Re: Win32Forth Serial I/O Issue
- From: Richard Owlett <rowlett@xxxxxxxxxxxx>
- Date: Wed, 16 Mar 2011 06:49:51 -0500
On Mar 14, 9:34 pm, Richard Owlett<rowl...@xxxxxxxxxxxx> wrote:rickman wrote:I am using the file winser.f to use the serial port comms under
Vista. It seems to be working except for one issue. I am sending out
command strings to a device and the return message ends with a CR/LF
pair. My code to read the response loops waits up to 15 ms for each
character and returns what it has read when it times out. The serial
rate is 19200 bps or about 2 char per ms.
The problem I see is that after it works just fine for a while, it
eventually does not get the final LF at the end of the response. That
is ok as the code does not require it to work correctly. But the LF
shows up as the first char of the next response and does mess up my
I've manually exercised this problem and once it gets into this mode,
the final LF is always missing. I can manually send a command out the
serial port using the Forth command line and get back the response and
it will always be missing the LF from the end and will always have a
LF at the start. I manually run ComKey? and get a false. It is as if
the final LF is received by the UART and/or driver, but is not being
flagged to the code as available until something else pushes it out.
I'm pretty confident that this is not a fault of the hardware unit
being controlled. That hardware (and I mean hardware, it's an FPGA)
is too dumb to mess up in this way. Besides, reinitializing the Forth
software is enough to get it working again. The hardware unit does
not need to be reset.
Anyone using winser.f for serial comms? Had any problems with it?
I suppose I could be messing up a pointer or something. Rather than
start serious debugging on this I thought I would ask if anyone else
has seen this. Also, I likely don't have the facility to dig too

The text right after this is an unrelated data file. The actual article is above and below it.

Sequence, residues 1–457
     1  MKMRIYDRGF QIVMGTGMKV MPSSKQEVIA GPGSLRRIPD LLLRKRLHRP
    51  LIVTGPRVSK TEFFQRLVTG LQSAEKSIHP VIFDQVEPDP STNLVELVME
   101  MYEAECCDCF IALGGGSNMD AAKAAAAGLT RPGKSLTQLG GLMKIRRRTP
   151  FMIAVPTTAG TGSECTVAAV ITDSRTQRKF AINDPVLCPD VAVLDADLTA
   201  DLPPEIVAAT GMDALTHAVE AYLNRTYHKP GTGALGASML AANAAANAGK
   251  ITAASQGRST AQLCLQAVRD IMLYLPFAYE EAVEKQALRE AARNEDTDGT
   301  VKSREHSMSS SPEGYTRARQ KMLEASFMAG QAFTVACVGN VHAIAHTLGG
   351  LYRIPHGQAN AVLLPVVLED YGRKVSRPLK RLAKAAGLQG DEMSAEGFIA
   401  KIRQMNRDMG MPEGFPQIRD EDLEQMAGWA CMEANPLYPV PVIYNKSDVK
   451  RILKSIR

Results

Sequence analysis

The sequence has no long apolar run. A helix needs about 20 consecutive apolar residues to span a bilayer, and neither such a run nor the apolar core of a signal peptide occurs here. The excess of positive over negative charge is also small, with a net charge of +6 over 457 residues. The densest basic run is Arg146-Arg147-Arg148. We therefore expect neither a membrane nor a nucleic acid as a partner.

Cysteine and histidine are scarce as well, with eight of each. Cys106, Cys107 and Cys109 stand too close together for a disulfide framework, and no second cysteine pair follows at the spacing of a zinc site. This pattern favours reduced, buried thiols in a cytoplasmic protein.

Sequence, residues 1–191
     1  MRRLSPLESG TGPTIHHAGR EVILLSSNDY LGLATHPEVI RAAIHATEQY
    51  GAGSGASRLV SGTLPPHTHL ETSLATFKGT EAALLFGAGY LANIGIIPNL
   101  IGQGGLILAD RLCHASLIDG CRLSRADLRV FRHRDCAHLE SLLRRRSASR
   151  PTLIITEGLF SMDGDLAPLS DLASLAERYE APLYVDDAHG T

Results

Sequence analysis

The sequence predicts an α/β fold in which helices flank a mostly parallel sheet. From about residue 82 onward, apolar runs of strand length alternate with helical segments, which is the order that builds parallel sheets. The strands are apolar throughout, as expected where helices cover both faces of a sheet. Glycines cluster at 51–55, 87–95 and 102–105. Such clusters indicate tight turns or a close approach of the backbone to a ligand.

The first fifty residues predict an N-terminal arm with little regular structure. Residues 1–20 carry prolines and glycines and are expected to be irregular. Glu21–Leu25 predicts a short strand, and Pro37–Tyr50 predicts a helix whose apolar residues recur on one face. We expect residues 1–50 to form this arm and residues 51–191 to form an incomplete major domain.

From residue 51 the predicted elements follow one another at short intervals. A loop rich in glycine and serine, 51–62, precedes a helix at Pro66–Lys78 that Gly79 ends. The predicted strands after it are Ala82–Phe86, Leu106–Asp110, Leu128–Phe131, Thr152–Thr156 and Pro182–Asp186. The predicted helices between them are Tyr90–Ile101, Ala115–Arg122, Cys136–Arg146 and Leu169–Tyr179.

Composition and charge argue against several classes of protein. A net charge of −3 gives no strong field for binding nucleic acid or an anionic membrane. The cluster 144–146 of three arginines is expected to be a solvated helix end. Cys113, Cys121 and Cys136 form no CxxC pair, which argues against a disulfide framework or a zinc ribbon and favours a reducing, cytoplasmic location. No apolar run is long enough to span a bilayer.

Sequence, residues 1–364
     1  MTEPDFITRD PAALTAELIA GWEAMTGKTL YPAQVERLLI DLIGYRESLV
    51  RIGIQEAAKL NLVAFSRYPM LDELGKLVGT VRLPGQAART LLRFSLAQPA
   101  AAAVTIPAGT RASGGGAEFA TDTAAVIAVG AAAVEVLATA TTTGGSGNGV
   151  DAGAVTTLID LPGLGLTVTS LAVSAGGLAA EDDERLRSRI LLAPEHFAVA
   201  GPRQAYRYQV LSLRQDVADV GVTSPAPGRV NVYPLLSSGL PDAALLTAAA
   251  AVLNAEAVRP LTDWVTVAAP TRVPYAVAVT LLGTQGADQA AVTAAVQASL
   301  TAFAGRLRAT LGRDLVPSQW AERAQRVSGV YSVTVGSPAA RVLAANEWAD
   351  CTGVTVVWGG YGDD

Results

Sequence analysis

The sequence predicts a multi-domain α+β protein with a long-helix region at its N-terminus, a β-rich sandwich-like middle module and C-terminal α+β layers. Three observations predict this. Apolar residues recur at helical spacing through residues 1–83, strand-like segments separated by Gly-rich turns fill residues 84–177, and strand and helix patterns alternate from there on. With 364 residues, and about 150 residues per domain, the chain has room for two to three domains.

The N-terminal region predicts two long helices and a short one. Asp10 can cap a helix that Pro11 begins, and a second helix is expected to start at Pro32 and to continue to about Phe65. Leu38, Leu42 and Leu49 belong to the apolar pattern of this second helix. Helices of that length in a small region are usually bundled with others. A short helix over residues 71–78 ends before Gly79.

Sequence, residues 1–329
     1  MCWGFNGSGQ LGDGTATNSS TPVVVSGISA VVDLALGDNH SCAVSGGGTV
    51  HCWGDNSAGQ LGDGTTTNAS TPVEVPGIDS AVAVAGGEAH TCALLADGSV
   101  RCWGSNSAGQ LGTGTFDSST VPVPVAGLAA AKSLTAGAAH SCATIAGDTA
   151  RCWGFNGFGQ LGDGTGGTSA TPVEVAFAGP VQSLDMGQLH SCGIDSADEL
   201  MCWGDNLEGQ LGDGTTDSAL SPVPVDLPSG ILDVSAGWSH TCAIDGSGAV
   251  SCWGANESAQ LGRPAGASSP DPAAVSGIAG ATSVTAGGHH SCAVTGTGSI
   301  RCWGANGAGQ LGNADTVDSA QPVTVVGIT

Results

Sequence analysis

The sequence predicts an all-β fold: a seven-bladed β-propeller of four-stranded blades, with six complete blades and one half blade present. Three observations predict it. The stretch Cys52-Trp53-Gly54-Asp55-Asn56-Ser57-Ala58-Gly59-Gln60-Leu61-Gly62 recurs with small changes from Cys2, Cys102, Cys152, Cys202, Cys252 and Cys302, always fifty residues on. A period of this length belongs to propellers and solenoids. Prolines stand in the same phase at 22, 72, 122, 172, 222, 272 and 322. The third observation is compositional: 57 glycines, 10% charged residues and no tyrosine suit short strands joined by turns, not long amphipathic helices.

deeply into the source for serial I/O. It is only a thin layer and
then goes into a Windows call.
Reminds me of symptoms observed back in days of using a mixture
of 20 mA and RS232 devices in a product line. We had problems
missing characters sent to mechanical printers - at 1200 Baud
they wouldn't have time to physically do a CR. RS232 printers
were becoming cheaper but many applications required 20 mA loops
for various reasons. We would "cheat" a LO being GND and a HI
being 5V which could source 20 mA. We didn't use any of the hand
shaking lines. If operating at> 300 Baud, just stuffed
appropriate number of NULLs at end of line.
I don't have winser.f available so I don't know how it's
constructed. Could it a problem with Windows latency in serving a
low priority interrupt -- i.e. resembling a printer that cannot
do a CR in time?
Winser.f is pretty simple. They just use Windows calls like
If Windows were off doing something that it couldn't process the UART
interrupt, wouldn't that also mean it can't run the Forth code that
checks for a character? The timeout loop is in my code. I wait for
one ms before checking for a char and repeat this 15 times. Since the
chars are half a ms long, this is certainly overkill. No?
I don't know.
It's been almost 30 years since I had to deal with the system I described. Dealing with interrupt latency of Windows is also from way in the past, Win95 at the latest and probably Windows 3.1.
What raised all the red flags was just how similar your symptom description was. I was a hardware guy (component level) who occasionally programmed.
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